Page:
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J-rap

Do you have two eyes that are very different vision-wise?

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It never occurred to me that someone's eyes would have so very different visions.  My dd has always been quite nearsighted in one eye and just very mildly nearsighted in the other eye.  In the past year, the eye that was only mildly nearsighted is now developing a farsightedness.  So one eye can see close-up and one eye can see distance.  Maybe this is more common than I thought, but it's seems really unusual to me.  Anyone else?

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My oldest and my aunt both have 1 nearsighted/1 farsighted. My DD's eyes are exactly opposite. She wears the exact same number, one + & one -, in contact lenses. My aunt didn't have to wear correction at all for many years since her eyes kind of balanced each other out. 

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One of my eyes is weaker than the other. This is the case for 50% of my family - only know because we all wear contacts. Two use the same contact in both eyes (so very convenient!).

 

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My eyeglass prescription is different for each eye, but I've never asked the specifics of it. 

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Yes. Both my eyes are significantly nearsighted, but the left is far worse than the right. It means I can't even see things right in front of my face while squinting because of the disparity. I have to have glasses/contacts to see anything at all, even my bedside alarm clock.

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I had very different eyes as a teen.  In my 20's they mostly evened out a bit, though even now one eye is slightly weaker than the other.

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My left eye is much more nearsighted than the right. Dh also has one eye that is much weaker.

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1 hour ago, J-rap said:

It never occurred to me that someone's eyes would have so very different visions.  My dd has always been quite nearsighted in one eye and just very mildly nearsighted in the other eye.  In the past year, the eye that was only mildly nearsighted is now developing a farsightedness.  So one eye can see close-up and one eye can see distance.  Maybe this is more common than I thought, but it's seems really unusual to me.  Anyone else?

Hey, I resemble this remark. My left is my close up eye and my right sees distance. I used to be able to read easily with both eyes but then middle age happened. I do wear glasses to drive and now they have to be graduated lenses so that I can read in them if I need to. 

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My dad had a lazy eye as a child, and it was not caught early enough, so that eye has always been legally blind, whereas he can see out of the other one (with glasses).

My mom deliberately made her vision different in each eye when she had cataract surgery. They set one lens to see distance and one to see up close. This seemed very odd to me at the time, and I would never have chosen it for myself, but it worked for her.

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Yes.  My sight issues were discovered when I applied for my first driver's license.  I remember that the first optometrist I saw was quite excited because my eyes were so different.  Over time my nearsighted eye has approached normal.  My farsighted eye has gotten worse.  I have been told that I would be a good candidate for LASIK because I'd only need one eye done.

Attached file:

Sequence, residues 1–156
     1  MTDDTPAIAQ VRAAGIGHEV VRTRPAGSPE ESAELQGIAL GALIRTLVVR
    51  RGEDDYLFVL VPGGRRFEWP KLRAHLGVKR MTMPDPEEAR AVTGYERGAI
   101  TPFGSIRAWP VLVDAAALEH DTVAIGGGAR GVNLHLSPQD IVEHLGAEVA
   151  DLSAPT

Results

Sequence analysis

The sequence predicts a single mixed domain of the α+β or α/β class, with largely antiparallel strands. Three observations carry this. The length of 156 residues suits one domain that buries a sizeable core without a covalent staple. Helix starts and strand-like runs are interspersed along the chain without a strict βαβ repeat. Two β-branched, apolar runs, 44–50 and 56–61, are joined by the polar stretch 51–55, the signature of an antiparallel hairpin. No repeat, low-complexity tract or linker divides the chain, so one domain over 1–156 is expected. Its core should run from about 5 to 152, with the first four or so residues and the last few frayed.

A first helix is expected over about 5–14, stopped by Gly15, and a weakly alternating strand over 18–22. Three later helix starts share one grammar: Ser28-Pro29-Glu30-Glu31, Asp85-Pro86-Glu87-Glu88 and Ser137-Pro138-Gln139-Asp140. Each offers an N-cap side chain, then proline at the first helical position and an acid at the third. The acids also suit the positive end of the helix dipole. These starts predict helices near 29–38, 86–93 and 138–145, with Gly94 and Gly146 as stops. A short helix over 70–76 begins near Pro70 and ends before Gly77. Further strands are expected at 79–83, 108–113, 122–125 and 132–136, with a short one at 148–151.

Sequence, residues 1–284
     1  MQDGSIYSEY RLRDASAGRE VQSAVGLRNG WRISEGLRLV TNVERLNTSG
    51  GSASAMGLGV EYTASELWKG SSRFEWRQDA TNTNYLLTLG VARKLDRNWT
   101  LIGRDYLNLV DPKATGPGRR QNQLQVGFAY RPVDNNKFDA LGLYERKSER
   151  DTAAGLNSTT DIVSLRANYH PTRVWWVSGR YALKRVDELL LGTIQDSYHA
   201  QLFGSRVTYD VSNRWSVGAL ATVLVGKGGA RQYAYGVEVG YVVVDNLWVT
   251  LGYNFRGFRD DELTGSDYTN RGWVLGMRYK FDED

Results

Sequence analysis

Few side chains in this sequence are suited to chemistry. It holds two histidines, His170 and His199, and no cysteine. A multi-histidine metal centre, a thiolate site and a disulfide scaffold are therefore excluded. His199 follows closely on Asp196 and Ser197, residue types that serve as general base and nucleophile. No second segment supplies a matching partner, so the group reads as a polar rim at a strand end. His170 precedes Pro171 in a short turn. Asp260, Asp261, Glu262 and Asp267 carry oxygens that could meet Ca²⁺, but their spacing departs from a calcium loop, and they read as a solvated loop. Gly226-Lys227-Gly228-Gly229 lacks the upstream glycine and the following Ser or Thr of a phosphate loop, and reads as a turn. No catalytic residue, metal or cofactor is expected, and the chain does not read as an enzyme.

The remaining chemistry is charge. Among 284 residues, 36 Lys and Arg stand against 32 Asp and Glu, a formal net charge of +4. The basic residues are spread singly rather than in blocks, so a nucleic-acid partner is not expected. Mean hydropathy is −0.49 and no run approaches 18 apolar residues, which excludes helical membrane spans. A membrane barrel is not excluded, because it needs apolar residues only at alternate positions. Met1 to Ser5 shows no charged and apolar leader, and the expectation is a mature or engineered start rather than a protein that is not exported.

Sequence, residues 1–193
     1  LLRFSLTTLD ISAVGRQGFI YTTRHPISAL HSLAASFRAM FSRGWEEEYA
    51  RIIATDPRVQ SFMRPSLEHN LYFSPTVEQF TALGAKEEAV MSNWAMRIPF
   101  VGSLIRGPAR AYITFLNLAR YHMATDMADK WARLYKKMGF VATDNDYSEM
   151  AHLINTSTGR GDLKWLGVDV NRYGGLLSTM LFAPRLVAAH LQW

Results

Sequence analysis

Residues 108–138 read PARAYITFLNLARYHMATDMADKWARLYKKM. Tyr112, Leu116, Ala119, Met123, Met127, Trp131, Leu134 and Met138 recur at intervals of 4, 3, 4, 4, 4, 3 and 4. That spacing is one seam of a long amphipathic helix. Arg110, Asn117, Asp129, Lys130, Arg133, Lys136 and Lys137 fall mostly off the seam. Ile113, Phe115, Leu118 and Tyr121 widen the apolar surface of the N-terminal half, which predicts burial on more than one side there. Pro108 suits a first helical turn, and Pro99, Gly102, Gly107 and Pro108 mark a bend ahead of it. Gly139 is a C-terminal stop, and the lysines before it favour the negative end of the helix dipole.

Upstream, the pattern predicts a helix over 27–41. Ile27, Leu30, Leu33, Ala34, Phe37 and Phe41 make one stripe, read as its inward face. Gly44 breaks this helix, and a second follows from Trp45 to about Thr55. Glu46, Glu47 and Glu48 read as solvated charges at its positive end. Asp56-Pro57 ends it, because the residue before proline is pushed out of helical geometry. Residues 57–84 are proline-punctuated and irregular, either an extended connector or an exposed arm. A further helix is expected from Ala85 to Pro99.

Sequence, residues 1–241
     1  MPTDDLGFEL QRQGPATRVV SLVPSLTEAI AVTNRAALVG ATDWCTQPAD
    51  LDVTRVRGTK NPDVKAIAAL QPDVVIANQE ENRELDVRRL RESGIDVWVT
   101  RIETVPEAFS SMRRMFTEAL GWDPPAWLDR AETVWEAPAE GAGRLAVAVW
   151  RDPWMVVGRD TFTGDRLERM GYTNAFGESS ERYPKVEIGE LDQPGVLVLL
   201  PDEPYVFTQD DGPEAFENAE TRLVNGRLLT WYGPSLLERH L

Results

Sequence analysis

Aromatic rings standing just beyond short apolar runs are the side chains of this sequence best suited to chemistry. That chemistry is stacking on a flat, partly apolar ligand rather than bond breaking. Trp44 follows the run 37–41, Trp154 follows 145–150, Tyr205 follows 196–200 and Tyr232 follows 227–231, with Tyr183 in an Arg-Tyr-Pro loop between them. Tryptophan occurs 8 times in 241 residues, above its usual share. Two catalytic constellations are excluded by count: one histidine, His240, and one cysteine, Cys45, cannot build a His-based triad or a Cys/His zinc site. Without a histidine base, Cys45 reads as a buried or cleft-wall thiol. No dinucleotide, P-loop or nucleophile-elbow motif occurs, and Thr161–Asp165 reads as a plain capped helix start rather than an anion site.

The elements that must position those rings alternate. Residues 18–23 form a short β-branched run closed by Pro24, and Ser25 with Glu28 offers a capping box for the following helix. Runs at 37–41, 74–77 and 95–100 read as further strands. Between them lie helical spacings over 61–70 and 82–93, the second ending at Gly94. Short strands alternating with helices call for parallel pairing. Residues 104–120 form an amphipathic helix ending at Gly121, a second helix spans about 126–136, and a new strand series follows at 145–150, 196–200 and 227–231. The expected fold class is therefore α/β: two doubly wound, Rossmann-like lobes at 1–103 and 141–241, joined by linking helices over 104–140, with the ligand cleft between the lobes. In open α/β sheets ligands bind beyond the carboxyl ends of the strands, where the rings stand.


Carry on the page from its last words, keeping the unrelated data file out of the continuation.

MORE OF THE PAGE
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A family member has one near-sighted and one far-sighted eye. It explained why she could see birds very far away in the sky and could read just fine close up, but had trouble clearly seeing a blackboard.

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Mine are different.  I catch myself closing one eye when I'm running so only the eye that sees distance well is open.  

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I went to the Optometrist at the end of June 2018 and asked her for two (2) prescriptions. One for Distance lenses, which I had made as Prescription Sunglasses. The other pair for use with this 14" laptop.   I have had Myopia and Astigmatism since I was a boy.  I had LASIK surgeries in 1997.    To my astonishment, for the pair for use with this laptop, she put one eye as near-sighted, which is normal for me, and the other eye as far-sighted. I had NEVER had an eye that is far sighted before. Possibly this involves the fact that one eye has a Cataract (I am on the list for surgery) but as I write this, I cannot remember which eye is nearsighted and which eye is farsighted.

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Mine are markedly different, and DS seems to be taking after me. My right eye actually doesn't really need much correction.

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Without glasses/contacts, I can't make out writing (or faces, or anything, really) if it's further than a foot away from my face.

My eyes were only slightly different for the longest time (0.25/0.5 difference between the two eyes. Still are probably, but it's barely noticeable now and I can get along just fine with the same prescription strength (contacts) in each eye. Simplifies the contact wearing process for me a teeny tiny bit.

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Both of my eyes are nearsighted but the left has always been much worse than the right.  Now in my late 40s, I started having trouble seeing close up with contacts in, so now I wear the same power contact in each eye but it works as monovision.  My dominant right eye sees far away while my left eye with the lower powered contact can see close up.  I tried no contact in my left eye but the difference is too much. 

For awhile I was just wearing my full powered contact in my left eye for distance and leaving my right contact out.